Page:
“Castlemaine is not a council run gallery, we are still privately run, so the gallery is in the hands of trustees with support from the state and federal government,” Mr Perry explained.
“So that gives me more autonomy but also means I have to do a lot more chasing of funds.”
Luckily the Castlemaine Art Gallery has been able to rely on generous benefactors and community support to keep things rolling in the right direction.
Mr Perry said the Rotary Club of Castlemaine and the Stoneman Foundation were particularly important groups, and this year local business Robertson Hyetts Solicitors has come on board as major sponsor of the centenary celebrations.
Robertson Hyetts Solicitors chief executive officer David King said the firm’s Castlemaine subsidiary Lawsons had a long history with the gallery and he wanted to continue that tradition.
“Our firm goes back to Sir Harry Lawson, he was a lawyer in Castlemaine and pivotal figure in the establishment of the art gallery,” Mr King said.
Robertson Hyetts Solicitors will specifically sponsor the centenary’s marquee exhibition, a collection of paintings from Melbourne-born, London-based artist Dora Meeson.
Shimmering Light: Dora Meeson and the Thames, September 21 to November 10, is the culmination of four years of research from the gallery’s senior curator Kirsten McKay.
Ms McKay said the works were sourced from public and private collections both here and overseas.
“She is an important figure in Australian art who was unfortunately neglected because she forged her career in England and died there,” she said.
Meeson moved to England with her portrait painter husband George James Coates in 1900.
“She said she would venture out onto the Thames to escape her husband’s dark studio he had set up for portraits,” Ms McKay said.
“She was drawn by the light and the movement.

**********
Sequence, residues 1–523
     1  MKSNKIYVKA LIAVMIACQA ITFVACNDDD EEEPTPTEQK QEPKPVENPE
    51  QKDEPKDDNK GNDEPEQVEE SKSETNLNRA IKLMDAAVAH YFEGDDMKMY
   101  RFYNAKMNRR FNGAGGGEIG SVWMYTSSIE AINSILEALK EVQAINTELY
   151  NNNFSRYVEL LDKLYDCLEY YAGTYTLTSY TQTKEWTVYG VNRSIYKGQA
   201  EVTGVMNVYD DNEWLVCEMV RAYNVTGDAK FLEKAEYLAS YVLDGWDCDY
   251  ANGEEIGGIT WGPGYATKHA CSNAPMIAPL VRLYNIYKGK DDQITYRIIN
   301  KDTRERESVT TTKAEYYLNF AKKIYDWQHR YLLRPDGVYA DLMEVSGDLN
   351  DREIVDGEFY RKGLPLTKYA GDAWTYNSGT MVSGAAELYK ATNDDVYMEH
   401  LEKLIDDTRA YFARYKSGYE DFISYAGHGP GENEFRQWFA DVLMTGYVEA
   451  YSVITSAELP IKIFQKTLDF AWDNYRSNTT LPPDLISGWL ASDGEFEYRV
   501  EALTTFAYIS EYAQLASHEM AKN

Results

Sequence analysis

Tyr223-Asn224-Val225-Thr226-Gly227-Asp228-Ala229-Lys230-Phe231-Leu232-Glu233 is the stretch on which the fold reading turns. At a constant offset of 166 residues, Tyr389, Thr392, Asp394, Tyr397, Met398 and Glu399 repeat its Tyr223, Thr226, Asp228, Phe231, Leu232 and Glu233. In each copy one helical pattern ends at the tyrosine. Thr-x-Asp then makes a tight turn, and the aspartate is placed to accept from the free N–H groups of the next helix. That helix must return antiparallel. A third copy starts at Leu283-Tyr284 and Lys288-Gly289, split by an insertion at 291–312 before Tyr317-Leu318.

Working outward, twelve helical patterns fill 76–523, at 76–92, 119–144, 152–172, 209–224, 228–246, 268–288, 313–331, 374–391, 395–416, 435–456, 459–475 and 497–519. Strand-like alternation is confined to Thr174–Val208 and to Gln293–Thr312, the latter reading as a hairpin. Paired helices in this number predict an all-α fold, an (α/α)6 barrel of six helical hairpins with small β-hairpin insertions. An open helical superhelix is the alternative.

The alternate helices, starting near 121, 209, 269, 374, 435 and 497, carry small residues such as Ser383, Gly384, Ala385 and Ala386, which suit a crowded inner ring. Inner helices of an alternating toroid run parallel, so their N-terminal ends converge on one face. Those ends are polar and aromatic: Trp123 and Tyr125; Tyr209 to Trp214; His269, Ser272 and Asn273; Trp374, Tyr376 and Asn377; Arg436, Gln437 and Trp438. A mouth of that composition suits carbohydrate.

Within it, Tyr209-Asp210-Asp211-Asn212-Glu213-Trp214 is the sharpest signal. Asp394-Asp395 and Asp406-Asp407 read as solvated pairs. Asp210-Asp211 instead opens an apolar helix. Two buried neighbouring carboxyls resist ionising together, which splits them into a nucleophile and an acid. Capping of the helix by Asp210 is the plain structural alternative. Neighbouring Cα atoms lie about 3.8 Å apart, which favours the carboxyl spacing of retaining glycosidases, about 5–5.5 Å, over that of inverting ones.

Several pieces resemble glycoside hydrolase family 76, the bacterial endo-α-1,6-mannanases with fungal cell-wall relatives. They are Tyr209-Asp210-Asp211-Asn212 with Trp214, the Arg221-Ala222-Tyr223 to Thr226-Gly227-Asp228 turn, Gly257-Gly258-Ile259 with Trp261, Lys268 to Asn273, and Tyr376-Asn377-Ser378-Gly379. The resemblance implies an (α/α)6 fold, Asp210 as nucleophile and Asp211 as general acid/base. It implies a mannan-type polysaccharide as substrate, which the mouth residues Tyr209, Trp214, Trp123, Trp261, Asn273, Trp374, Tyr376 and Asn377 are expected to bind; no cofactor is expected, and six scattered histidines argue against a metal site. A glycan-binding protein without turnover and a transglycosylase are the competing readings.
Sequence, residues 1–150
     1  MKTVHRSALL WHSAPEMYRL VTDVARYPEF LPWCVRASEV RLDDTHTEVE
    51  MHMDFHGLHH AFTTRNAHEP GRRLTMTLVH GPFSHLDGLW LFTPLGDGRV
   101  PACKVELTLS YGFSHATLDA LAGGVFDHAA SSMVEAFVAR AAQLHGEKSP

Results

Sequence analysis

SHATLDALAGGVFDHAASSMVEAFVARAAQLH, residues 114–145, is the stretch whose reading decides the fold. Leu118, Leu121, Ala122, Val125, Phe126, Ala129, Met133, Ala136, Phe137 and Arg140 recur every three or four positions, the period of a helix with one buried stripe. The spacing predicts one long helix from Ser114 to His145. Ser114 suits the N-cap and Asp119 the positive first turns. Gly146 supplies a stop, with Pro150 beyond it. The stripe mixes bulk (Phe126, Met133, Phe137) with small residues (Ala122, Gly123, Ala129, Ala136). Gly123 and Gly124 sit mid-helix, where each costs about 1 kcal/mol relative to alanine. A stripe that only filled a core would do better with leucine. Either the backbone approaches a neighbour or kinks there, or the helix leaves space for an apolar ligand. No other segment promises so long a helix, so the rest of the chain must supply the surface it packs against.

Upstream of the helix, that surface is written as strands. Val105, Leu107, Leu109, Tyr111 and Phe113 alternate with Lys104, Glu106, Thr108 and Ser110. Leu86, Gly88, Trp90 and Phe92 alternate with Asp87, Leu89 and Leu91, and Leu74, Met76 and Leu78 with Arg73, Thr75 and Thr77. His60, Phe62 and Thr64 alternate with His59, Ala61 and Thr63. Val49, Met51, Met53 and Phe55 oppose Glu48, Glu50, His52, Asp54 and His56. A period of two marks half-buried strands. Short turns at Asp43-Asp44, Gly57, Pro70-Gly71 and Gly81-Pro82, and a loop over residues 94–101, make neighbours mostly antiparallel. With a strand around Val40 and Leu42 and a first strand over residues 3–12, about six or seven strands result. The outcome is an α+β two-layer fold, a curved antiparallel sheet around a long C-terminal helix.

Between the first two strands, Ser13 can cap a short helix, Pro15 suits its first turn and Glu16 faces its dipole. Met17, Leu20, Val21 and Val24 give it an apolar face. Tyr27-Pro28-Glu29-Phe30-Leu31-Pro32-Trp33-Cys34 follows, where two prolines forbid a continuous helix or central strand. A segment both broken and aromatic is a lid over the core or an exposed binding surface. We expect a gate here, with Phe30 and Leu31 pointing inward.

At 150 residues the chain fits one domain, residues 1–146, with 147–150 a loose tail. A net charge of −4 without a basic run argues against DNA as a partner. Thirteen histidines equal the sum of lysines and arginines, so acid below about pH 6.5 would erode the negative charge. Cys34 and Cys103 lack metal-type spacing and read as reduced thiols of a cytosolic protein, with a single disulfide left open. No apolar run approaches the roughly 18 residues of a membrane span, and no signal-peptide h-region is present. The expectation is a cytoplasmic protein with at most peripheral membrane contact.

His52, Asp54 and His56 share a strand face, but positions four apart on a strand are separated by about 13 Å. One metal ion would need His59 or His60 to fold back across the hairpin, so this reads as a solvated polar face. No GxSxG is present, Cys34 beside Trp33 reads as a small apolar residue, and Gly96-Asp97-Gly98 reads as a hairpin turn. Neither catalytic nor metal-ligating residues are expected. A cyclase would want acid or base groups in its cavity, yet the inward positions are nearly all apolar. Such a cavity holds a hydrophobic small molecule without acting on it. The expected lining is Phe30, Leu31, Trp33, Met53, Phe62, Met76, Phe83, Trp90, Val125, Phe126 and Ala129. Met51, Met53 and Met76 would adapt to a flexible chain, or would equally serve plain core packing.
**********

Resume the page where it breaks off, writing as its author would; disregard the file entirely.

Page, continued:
“Each work is her take on the Thames, whether it’s a quiet view at sunset or a lively depiction of the dockyards.
“This is a stunning exhibition with beautifully framed works.”
As part of its centenary celebrations the gallery will be putting on a series of special exhibitions.
The first, which closed on February 3, was a “director’s choice” of works from Mr Perry’s 38 years of collecting.
The extraordinary length of Mr Perry’s tenure meant the director had more than 500 works at his disposal.
He ultimately narrowed these down to 46, and asking him to choose a favourite seems akin to selecting a favourite child.
When pushed he picked out a Jeffrey Smart, Hide and Seek III, a testament to his uncanny eye.
“I bought it in 1979 for $6500 and now it’s worth over $100,000,” Mr Perry said.
This valuation was pushed up by a purchase of another of Smart’s works by unlikely art connoisseur AFL personality Sam Newman.
But it’s not really about the money for Mr Perry.
“I respond to Jeff Smart’s figures in an alien landscape,” he said.
“I also admire his painting technique and composition.”
One gets the feeling that there’s something more there that Mr Perry sees but cannot put it into words for us mere mortals to understand.
That’s the secret talent of Australia’s longest-serving public art gallery director.
The Castlemaine Art Gallery will officially launch its 100th Anniversary celebrations with Drinks on the Patio on February 23 at 5pm.